Archive for February, 2014

Meanwhile, Back at 7-Imp …

h1 Thursday, February 13th, 2014


“‘This peaceful life suits me just fine,’ Widow Jones would say, while she and her ranch hands drank tea and gazed at the summer sky. But it didn’t stay peaceful very long.”


 
I chatted over at Kirkus last week with author Anne Isaacs, but back here at 7-Imp, I just gotta share some art from the book she and I discussed. It’s her newest picture book, called Meanwhile, Back at the Ranch (Schwartz & Wade, February 2014), and it’s illustrated by Kevin Hawkes.

Here’s the Q&A if you want more info on the book itself, and here below is a bit more art.

Enjoy. Read the rest of this entry �

A Rare Bird

h1 Tuesday, February 11th, 2014

Here’s a quick post to share some art from Kate Samworth’s Aviary Wonders Inc.: Spring Catalog and Instruction Manual, to be released by Clarion in March.

Now, this is one of the most bizarre picture books I’ve seen in a while, which at the very least brings to my mind this guy exclaiming things like “DON’T BE BORING.” This book definitely has that goin’ for it.

This one is slightly macabre in spots, though I’ve sat here for entirely too long at my keyboard, thinking that “macabre” isn’t precisely the word I want. How about this: The Publishers Weekly review (one starred review of several) calls it “unsettling and unforgettable.” Booklist describes it as “original, somewhat disturbing, and wholeheartedly bizarre (but in a good way!).” Yes, all those things, and I like it — and my own children absolutely delighted in it. This is surely one of the most offbeat picture books I’ve seen in recent years.

Let me back up and tell you what it is. It’s a pretend futuristic catalog that sells bird parts so that you can build your own bird. “Renewing the World’s Bird Supply Since 2031” is the fake company’s motto of sorts (as you can see on the book’s cover). There’s a pretend “About the Company” note, which opens the book. It’s written by the company’s founder, Alfred Wallis, where he states: Read the rest of this entry �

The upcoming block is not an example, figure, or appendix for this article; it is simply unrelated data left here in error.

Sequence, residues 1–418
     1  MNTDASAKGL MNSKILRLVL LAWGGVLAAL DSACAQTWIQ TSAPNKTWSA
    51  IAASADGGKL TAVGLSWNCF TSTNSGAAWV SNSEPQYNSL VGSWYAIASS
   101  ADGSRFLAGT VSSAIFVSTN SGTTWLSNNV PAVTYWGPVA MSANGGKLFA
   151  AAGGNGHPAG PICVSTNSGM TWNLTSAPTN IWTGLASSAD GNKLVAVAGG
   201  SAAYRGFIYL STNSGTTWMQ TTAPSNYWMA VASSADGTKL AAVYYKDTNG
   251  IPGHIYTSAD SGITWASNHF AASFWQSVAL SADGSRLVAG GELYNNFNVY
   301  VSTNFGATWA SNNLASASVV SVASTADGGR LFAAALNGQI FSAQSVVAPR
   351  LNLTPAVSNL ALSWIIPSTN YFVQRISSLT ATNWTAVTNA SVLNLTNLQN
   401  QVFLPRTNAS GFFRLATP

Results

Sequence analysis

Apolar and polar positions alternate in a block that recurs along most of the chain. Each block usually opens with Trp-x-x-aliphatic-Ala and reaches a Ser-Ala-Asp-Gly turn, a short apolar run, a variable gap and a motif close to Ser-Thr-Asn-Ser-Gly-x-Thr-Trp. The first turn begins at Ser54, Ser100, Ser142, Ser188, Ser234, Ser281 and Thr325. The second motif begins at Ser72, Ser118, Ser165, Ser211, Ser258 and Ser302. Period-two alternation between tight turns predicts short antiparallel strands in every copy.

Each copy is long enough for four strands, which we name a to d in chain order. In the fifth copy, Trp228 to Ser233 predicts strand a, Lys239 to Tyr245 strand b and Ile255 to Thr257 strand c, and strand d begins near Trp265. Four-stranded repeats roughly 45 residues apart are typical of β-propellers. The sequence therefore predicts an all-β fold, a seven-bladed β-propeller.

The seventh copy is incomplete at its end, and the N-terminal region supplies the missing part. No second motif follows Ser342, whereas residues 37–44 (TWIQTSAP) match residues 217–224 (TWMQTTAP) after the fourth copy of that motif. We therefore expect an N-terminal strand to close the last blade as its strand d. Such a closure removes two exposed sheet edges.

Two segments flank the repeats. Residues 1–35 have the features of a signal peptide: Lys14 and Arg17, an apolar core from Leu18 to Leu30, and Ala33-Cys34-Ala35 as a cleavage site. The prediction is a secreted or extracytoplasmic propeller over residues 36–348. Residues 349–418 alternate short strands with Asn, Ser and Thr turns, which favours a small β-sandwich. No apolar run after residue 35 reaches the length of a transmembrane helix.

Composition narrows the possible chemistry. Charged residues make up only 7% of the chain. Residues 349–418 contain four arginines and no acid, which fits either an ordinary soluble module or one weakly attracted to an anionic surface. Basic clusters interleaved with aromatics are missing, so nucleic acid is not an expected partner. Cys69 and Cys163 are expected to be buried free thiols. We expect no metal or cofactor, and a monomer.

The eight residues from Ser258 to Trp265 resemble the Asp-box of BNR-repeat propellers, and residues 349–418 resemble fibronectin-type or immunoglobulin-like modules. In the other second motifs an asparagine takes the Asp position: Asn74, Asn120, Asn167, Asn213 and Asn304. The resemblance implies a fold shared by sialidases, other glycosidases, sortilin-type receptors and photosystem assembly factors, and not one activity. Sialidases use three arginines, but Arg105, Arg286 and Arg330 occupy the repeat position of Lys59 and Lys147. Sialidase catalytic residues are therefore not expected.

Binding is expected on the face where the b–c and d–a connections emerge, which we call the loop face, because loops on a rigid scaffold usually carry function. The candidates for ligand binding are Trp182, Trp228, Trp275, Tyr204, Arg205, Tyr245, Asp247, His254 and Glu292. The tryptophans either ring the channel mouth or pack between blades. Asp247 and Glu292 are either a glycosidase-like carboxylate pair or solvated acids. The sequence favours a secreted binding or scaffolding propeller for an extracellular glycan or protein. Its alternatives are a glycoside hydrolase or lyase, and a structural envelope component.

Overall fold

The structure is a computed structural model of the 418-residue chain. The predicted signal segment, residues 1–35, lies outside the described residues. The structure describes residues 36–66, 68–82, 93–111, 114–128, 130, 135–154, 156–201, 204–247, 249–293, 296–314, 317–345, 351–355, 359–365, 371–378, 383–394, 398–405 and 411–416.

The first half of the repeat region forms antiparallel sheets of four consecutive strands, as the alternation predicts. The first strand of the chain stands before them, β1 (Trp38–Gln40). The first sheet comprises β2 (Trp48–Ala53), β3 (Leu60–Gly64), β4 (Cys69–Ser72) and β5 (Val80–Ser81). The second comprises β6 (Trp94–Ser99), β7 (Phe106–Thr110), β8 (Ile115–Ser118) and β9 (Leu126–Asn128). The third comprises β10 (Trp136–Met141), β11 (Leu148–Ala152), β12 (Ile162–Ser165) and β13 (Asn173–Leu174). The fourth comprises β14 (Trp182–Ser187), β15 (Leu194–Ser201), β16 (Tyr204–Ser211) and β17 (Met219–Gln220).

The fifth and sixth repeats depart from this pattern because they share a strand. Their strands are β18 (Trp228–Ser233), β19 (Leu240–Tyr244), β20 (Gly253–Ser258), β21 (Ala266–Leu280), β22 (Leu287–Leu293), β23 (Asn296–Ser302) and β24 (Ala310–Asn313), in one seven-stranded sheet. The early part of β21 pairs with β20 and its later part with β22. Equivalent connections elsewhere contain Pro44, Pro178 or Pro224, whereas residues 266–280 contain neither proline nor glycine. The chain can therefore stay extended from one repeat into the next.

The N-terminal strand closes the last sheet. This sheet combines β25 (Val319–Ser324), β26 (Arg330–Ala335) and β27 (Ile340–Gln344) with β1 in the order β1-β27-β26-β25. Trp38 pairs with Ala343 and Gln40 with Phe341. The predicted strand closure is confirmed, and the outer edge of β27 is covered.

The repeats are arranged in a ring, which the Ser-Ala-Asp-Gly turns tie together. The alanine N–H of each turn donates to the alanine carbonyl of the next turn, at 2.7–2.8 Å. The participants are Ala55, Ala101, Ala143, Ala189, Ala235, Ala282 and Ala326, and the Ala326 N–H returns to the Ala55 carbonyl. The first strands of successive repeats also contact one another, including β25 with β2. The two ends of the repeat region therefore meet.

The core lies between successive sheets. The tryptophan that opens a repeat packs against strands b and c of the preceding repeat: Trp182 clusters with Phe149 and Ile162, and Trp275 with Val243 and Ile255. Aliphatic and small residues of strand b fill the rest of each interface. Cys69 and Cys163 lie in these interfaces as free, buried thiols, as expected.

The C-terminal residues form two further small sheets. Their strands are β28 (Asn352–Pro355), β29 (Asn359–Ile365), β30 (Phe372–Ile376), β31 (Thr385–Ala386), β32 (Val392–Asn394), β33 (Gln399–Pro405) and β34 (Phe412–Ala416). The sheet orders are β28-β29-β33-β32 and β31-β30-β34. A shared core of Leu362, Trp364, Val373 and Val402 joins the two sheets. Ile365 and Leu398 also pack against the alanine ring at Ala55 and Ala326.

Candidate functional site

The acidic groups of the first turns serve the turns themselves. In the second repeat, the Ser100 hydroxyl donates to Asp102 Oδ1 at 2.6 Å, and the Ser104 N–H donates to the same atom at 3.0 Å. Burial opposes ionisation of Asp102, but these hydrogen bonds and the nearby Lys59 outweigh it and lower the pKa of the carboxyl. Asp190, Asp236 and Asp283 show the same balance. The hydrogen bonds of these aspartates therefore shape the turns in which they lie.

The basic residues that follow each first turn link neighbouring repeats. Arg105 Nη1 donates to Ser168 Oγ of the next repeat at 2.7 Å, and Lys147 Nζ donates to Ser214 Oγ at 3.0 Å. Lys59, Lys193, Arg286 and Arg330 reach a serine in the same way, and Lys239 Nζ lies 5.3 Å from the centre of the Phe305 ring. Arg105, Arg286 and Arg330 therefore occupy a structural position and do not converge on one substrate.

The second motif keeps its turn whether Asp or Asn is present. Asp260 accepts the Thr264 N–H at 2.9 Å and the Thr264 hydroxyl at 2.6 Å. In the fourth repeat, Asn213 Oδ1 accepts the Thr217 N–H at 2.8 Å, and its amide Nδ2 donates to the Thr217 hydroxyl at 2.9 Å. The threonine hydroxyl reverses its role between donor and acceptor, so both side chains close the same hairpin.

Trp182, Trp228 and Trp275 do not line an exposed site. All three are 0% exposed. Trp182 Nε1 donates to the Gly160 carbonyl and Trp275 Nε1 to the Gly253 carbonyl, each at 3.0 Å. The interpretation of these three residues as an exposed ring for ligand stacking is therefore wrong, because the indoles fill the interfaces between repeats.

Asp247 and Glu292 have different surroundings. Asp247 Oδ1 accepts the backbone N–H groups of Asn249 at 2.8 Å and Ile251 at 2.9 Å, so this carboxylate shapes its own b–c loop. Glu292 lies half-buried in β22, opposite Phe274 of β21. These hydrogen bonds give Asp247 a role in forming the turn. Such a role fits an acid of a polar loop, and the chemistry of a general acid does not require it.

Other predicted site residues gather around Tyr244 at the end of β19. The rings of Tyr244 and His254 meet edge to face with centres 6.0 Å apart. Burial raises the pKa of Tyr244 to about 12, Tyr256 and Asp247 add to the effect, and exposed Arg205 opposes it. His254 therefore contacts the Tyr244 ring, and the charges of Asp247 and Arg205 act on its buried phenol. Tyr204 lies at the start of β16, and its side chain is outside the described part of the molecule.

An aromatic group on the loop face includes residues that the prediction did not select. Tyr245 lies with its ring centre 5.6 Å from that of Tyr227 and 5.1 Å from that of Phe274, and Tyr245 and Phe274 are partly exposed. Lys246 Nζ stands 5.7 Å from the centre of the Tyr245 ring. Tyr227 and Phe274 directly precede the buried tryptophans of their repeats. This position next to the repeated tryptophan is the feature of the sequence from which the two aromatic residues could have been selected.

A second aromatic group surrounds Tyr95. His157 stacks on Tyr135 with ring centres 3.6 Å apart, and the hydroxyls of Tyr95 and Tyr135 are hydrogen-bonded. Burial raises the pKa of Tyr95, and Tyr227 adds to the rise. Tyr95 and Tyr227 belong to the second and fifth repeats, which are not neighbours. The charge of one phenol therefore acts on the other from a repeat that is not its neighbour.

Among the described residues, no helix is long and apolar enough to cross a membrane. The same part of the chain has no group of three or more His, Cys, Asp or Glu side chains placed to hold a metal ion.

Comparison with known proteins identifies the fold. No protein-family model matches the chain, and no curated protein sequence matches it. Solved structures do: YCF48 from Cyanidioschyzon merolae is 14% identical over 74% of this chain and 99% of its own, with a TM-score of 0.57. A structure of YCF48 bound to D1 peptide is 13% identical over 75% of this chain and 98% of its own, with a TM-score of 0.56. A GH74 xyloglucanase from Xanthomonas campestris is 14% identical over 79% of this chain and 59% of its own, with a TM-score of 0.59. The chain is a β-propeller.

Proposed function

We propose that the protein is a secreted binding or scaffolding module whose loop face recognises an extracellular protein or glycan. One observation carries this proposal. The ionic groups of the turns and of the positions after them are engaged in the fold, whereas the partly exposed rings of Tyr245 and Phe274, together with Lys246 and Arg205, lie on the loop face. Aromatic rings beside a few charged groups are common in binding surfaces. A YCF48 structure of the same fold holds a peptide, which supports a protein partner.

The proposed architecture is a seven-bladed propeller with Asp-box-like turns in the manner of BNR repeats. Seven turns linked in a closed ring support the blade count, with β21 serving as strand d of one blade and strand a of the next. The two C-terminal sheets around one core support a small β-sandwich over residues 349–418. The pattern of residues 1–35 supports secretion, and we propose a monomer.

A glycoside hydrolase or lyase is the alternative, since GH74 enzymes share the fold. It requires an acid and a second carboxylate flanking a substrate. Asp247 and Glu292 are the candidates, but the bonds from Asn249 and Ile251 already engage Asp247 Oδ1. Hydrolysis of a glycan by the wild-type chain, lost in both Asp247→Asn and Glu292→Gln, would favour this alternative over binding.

7-Imp’s 7 Kicks #368: Featuring Komako Sakai

h1 Sunday, February 9th, 2014

If someone were to ask me who some of my favorite author-illustrators for very young children are—those who make books, that is, geared at preschool readers—I’d say that Komako Sakai is most assuredly one of the names at the top of that list.

This month, Gecko Press released the first American edition of Sakai’s Hannah’s Night, which was first published in Japan in 2012. It’s the story of a very young child, who wakes at night and, after failing to wake her sister, explores her home with her cat, Shiro. There’s mystery and wide-eyed wonder (the dark house at night) and mischief here (Hannah giggles as she takes her sister’s music box, notebook, and coloring pencils back to her own bed to play with), and the youngest of readers will thrill at Hannah’s free reign of the home, independent of any grown-ups telling her what or what not to do. There are moments of beauty, too, such as when Hannah hears cooing and heads to the window to see the “prettiest dove she’d ever seen,” something she’s not likely to see during the hustle and bustle of her day.

Sakai’s thick brushstrokes bring a vibrant texture to the story, and I’m enamored with the dark, navy blues of Hannah’s world at night. These are deep, rich shades, made all the more striking when the sun starts to come up — just as Hannah finally gets sleepy.

If her books are any indication, Sakai knows young children very well. Here’s some more art from the book. Enjoy … Read the rest of this entry �

What I’m Doing at Kirkus This Week,
Plus What I Did Last Week,
Featuring Carolyn Fisher and Clotilde Perrin

h1 Friday, February 7th, 2014


From Clotilde Perrin’s At the Same Moment Around the World:
“At the same moment, in Paris, France, it is seven o’clock in the morning, and Benedict drinks hot chocolate before school. At the same moment, in Sofia, Bulgaria, it is eight o’clock in the morning when Mitko chases after the school bus.”